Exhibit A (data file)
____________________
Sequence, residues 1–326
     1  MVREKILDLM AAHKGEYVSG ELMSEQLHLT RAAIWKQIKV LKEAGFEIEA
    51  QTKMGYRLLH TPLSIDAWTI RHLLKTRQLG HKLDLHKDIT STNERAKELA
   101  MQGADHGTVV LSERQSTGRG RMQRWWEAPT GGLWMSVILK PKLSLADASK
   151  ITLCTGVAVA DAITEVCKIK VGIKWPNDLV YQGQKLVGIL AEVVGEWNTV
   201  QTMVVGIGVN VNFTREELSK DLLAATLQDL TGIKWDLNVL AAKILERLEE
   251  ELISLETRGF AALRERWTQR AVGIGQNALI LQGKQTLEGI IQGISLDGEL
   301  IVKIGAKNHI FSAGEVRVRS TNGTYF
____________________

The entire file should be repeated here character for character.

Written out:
Sequence, residues 1–326
     1  MVREKILDLM AAHKGEYVSG ELMSEQLHLT RAAIWKQIKV LKEAGFEIEA
    51  QTKMGYRLLH TPLSIDAWTI RHLLKTRQLG HKLDLHKDIT STNERAKELA
   101  MQGADHGTVV LSERQSTGRG RMQRWWEAPT GGLWMSVILK PKLSLADASK
   151  ITLCTGVAVA DAITEVCKIK VGIKWPNDLV YQGQKLVGIL AEVVGEWNTV
   201  QTMVVGIGVN VNFTREELSK DLLAATLQDL TGIKWDLNVL AAKILERLEE
   251  ELISLETRGF AALRERWTQR AVGIGQNALI LQGKQTLEGI IQGISLDGEL
   301  IVKIGAKNHI FSAGEVRVRS TNGTYF